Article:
Remarks: OCB was the dependent variable in step 1 and Turnover intentions was the dependent variable in step 2. Multi-collinearity was not an issue since all variance inflation factor (VIF) values were less than 5 (Groebner, Shannon, Fry, & Smith, 2005). t values 2.00 or above are significant.

H3 was related to a negative relationship between job satisfaction

and turnover intentions. This hypothesis is also supported. Organizational commitment was set out to be negatively related to turnover intentions. Regression analyses provide no evidence of support for this hypothesis. Therefore, H4 was not supported. Finally, H5 was assessing a negative

relationship between organizational citizenship behavior and turnover intentions. Regression analyses reveal that there is support for this hypothesis. Hence, H5 was supported. Moreover, the inclusion of control

variables into the equation of regression did not confound the hypothesized relationships. In addition, multi-collinearity was not an issue since all VIF (Variance Inflation Factors) were below 5 (Groebner, Shannon, Fry, & Smith, 2005).

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Discussion and Implications

This study investigated the effects of job satisfaction and affective organizational commitment on organizational citizenship behavior and turnover intentions. The study also examined the effects of organizational citizenship behavior on turnover intentions. As stated earlier, as a holiday destination, Northern Cyprus suffers from foreign trade problems, lack of trained and qualified personnel, high turnover in the industry, etc. Despite these problems, the hospitality and tourism industry is seen as the key sector for survival. Thus, testing these constructs in a location where there is a developing economy on one side and political instabilities on the other was a necessity since these conditions create unstable working conditions particular to the hospitality and tourism industry. Thus, revealing the circumstances in relation to job satisfaction and organizational commitment, organizational citizenship behavior and turnover intentions yielded a better understanding of the current situation of the hospitality workforce in Northern Cyprus.

The result of the regression analyses reveal that, of the five hypotheses proposed, four are supported. Specifically, the effects of job satisfaction and organizational commitment on organizational citizenship behavior are significant. This finding is consistent with the prior research (Moorman, Niehoff, & Organ, 1993; Nadiri & Tanova, 2010). Furthermore, the effect of job satisfaction on turnover intentions is significant. This finding is consonant with the study findings of Karatepe and Uludag (2007). However, surprisingly, the study found no significant evidence between organizational commitment and turnover intentions. This evidence is contrary to the findings of Karatepe and Uludag (2007) and Cropanzano and Byrne (2000). It is known that frontline employees are confronted with many adverse circumstances in hotels in Northern Cyprus. These are lack of training, empowerment problems, insufficient salary, long hours, inflexible working conditions, work overload, burnout, work and family conflict, etc. (Karatepe & Uludag, 2008; Karatepe & Uludag, 2007; Karatepe et al., 2006). Thus, it is plausible to state that many factors may adversely influence the commitment of employees in an organization. These influences may lower the levels of commitment of frontline employees without, hence, incapable of lowering the levels of turnover intentions. To investigate this gap, antecedents of organizational commitment should be incorporated into future research. In addition, job satisfaction was a strong predictor of turnover intentions in the first step of the regression analysis (β= 0.72, t= 9.82). When job satisfaction was inserted as an independent variable in the second step, along with organizational commitment and organizational citizenship behavior, it may have created deterioration on the outcome of organizational commitment and turnover intentions.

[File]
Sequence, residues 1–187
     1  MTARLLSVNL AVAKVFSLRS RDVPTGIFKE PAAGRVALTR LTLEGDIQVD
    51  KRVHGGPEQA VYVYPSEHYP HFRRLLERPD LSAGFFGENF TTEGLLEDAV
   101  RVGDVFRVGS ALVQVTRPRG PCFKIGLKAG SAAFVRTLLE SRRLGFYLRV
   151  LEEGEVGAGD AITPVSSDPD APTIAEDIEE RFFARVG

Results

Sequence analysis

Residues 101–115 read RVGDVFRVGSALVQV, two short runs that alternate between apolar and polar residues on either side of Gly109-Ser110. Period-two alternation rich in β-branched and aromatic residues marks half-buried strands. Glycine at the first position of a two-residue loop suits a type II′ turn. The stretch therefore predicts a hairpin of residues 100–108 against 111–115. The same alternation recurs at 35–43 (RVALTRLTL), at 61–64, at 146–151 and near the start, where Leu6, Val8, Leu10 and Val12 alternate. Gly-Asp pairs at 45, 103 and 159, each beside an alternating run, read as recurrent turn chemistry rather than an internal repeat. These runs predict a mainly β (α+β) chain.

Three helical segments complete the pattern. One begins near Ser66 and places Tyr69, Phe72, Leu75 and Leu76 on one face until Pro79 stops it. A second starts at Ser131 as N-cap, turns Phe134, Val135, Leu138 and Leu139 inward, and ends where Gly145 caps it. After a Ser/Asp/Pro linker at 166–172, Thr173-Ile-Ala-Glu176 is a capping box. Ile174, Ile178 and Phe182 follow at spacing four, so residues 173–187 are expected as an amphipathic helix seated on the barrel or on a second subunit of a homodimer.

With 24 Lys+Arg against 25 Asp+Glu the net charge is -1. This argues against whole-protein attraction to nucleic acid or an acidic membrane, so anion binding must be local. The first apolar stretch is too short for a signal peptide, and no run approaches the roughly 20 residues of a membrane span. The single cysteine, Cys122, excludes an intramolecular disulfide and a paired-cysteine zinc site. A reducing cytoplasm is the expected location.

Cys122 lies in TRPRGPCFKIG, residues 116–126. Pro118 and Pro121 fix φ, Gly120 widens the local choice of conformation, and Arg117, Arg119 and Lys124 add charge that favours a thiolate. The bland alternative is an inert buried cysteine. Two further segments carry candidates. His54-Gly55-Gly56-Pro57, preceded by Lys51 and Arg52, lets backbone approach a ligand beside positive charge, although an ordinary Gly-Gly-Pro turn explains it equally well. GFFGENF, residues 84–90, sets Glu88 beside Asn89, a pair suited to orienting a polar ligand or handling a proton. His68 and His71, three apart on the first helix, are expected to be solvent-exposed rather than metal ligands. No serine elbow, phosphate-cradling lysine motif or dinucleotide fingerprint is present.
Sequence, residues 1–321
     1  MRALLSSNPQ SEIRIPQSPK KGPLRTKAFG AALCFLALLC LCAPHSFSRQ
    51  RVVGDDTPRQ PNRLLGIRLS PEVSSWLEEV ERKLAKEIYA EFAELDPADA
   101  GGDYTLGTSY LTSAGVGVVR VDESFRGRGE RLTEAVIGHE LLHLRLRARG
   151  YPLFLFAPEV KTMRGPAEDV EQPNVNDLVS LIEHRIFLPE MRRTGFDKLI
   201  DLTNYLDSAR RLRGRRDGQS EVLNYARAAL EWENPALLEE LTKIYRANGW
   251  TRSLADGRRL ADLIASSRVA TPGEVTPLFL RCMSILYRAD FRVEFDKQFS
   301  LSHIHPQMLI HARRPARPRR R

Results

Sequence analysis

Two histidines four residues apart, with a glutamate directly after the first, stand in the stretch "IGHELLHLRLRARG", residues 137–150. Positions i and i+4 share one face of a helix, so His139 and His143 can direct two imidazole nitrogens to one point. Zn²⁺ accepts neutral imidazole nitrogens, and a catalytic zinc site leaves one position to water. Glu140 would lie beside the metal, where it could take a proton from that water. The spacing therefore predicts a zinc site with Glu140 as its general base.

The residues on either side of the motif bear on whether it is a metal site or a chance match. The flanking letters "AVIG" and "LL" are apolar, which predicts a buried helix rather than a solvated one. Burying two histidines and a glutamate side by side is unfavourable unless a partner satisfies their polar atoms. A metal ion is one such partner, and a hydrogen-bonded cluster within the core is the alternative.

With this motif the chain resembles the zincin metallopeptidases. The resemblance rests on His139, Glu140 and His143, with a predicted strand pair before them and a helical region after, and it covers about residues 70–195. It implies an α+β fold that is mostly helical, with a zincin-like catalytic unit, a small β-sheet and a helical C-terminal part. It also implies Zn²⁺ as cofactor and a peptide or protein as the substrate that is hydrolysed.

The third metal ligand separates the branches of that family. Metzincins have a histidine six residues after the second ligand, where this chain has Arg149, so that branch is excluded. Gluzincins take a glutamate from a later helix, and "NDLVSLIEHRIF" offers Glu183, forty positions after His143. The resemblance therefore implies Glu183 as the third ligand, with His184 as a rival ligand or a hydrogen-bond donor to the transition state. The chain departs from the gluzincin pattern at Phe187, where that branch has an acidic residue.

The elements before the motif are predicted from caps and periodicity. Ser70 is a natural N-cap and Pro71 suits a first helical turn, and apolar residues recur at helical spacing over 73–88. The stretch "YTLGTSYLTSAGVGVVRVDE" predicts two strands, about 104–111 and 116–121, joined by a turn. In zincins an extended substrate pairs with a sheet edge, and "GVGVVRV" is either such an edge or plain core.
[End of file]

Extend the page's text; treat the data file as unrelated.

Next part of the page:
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Finally, the effect of organizational citizenship behavior on turnover intentions was found to be significant. This finding also supports previous work of Cropanzano and Byrne (2000) and a recent study of Du Plooy and Roodt (2010). The findings of the current study confirm and add to the existing knowledge base by providing evidence of confirming hypothesized relationships among study constructs. Among others, satisfying employees by using motivational techniques, providing flexible times, and fostering work-family programs may help employees be committed to the organization. These resources may also positively influence employees to have citizenship behaviors that will help better functioning of organizations (cf. Robbins, 2001). In addition, employees with these resources who are satisfied, committed, and show extra-role performance (organizational citizenship behavior) are likely to stay in their current organizations.

This study investigated the effects of job satisfaction and organizational commitment on organizational citizenship behavior and turnover intentions. The study also examined the effect of organizational citizenship behavior on turnover intentions. The current study, therefore, provides several implications for managers of the hospitality industry. Specifically, the study results reveal that job satisfaction is positively related to organizational citizenship behavior and negatively related to turnover intentions. Hospitality industry managers need to satisfy frontline employees by providing on-time pay, flexible working hours, and clear career